Aim: This 3-month, double-blind, two-center, parallel, randomized controlled clinical trial compared the improvement of oral hygiene status from alcohol-free essential oils (EO) with 0.05% fluoride mouthwash to the control (0.05% fluoride mouthwash). Materials and Methods: One hundred and fifty-four pregnant women were clinically examined to determine Modified Gingival Index (MGI), Plaque Index (PI), and Winkel Tongue Coating Index (WTCI) at baseline, 2 weeks, and 3 months by calibrated examiners. After supragingival scaling and provision of a tooth brushing method, participants were randomly assigned to daily use of alcohol-free EO or the control rinse for 30s at bedtime. Repeated measures of analysis of variance (ANOVA) were performed to assess the effectiveness of alcohol-free EO with 0.05% fluoride mouthwash on MGI, PI, and WTCI scores. Results: One hundred and forty subjects completed the study. The dropout rate of 9.1% (n = 14) was mainly due to loss of follow-up. At baseline, no significant differences were observed between the intervention and the control groups for MGI (1.19±0.57 vs. 1.11±0.48, P = 0.371), PI (1.53±0.56 vs. 1.47±0.48, P = 0.439), and WTCI (0.88±0.48 vs. 0.88±0.50, P = 0.990). There was a statistically significant reduction of MGI, PI, and WTCI scores over time (P < 0.001). However, no significant differences were observed for between-group comparisons for all measured indices at any time point. No adverse effect was reported in either group. Conclusion: At the end of 3-month period, improvement of oral hygiene of pregnancy women in this study was evidence. However, the use of alcohol-free EO mouthwash as supplements to the daily oral hygiene did not provide a significant improvement in terms of plaque, gingival, and tongue coating indices.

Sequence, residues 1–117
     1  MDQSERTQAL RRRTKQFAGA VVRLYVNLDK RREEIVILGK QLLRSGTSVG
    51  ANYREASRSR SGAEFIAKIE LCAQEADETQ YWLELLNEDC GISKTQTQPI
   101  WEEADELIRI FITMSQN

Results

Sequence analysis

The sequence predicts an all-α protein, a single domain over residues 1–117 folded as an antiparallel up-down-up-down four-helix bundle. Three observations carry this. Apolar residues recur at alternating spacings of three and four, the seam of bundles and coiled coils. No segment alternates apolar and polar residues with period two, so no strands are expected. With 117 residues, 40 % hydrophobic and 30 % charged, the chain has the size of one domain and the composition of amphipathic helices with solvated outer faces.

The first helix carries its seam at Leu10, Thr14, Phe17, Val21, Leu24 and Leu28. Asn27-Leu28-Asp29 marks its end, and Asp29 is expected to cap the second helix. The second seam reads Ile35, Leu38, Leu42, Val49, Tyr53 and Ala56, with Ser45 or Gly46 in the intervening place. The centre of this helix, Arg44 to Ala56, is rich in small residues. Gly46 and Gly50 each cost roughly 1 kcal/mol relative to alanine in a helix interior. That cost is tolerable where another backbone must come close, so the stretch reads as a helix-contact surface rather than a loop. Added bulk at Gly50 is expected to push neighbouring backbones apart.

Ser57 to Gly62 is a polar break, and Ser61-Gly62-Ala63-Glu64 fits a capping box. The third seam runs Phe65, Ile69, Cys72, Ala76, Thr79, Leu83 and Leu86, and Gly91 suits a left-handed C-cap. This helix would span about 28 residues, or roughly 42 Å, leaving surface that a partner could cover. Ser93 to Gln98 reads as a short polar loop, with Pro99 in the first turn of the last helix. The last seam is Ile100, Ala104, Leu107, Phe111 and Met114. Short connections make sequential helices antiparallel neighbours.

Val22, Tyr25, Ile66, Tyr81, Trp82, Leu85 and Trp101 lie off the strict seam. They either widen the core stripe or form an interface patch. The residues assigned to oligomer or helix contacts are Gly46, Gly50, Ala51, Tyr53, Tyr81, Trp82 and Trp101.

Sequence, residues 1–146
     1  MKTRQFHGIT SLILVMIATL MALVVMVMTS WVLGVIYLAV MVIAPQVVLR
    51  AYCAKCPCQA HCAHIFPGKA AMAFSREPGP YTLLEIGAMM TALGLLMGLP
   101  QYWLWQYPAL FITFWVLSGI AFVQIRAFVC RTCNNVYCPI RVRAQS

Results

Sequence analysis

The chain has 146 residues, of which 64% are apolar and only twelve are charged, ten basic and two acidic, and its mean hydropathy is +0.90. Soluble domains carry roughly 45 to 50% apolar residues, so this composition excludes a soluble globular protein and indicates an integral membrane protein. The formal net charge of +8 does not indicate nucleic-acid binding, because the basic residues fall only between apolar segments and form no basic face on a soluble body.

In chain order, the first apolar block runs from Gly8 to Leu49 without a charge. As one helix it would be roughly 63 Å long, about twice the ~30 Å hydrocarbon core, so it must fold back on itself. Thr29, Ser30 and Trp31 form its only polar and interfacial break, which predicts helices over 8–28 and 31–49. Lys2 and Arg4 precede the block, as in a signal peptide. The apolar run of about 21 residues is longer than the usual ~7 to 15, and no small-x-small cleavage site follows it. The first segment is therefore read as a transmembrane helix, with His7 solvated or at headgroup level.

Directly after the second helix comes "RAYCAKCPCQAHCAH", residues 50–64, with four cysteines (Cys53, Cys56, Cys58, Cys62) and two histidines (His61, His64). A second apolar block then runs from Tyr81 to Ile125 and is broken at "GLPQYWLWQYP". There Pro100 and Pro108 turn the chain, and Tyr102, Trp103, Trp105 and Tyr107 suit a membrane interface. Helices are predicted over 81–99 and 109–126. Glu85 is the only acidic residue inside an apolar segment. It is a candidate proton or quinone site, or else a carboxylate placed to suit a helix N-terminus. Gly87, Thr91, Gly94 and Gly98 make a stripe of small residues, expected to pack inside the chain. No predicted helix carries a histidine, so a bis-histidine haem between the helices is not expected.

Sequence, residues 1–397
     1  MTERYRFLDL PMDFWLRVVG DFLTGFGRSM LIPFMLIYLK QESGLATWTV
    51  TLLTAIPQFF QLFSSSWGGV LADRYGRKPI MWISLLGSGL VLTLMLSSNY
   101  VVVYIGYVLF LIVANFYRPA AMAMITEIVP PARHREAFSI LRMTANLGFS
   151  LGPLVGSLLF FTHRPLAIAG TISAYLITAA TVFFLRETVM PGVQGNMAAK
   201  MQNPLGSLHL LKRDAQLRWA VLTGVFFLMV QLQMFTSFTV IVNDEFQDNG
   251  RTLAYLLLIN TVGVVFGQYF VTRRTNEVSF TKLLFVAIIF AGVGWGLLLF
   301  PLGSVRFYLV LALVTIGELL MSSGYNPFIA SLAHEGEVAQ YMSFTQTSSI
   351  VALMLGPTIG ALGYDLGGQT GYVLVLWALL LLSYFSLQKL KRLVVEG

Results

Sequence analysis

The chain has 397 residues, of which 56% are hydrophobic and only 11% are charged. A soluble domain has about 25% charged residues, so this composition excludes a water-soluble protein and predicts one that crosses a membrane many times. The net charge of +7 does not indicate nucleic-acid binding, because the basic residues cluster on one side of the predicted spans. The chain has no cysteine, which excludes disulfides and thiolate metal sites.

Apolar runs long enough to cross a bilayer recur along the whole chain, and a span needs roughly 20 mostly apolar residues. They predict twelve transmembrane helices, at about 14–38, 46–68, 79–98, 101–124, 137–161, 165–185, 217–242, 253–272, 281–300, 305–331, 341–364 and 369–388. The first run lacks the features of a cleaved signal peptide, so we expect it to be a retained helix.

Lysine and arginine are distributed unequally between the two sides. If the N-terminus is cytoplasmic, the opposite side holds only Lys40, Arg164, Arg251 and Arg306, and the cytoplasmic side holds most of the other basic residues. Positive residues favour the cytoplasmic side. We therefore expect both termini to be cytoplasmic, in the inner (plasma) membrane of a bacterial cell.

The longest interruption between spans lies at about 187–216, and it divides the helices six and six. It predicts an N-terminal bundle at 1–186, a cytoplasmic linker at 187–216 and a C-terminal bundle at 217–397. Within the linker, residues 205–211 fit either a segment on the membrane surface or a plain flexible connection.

Keywords: Gingivitis, mouth rinse, plaque, pregnancy, tongue coating, tooth brushing


How to cite this article:
Hunsrisakhun J, Talungchit S, Naorungroj S. Effectiveness of alcohol-free mouth rinse containing essential oils and fluoride as an oral hygiene adjunct among pregnant Thai women: A randomized clinical trial. J Int Soc Prevent Communit Dent 2020;10:803-11

How to cite this URL: